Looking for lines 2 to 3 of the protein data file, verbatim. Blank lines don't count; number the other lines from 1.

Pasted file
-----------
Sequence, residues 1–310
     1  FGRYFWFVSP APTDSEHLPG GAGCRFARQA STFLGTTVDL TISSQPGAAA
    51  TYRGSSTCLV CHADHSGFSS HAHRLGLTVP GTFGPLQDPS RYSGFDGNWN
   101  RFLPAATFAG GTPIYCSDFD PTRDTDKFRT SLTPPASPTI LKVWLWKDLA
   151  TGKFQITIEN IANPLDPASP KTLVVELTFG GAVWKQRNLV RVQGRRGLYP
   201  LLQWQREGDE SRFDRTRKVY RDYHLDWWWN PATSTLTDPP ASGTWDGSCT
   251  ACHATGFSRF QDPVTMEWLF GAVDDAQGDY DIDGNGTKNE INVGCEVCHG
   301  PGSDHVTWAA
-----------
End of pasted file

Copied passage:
     1  FGRYFWFVSP APTDSEHLPG GAGCRFARQA STFLGTTVDL TISSQPGAAA
    51  TYRGSSTCLV CHADHSGFSS HAHRLGLTVP GTFGPLQDPS RYSGFDGNWN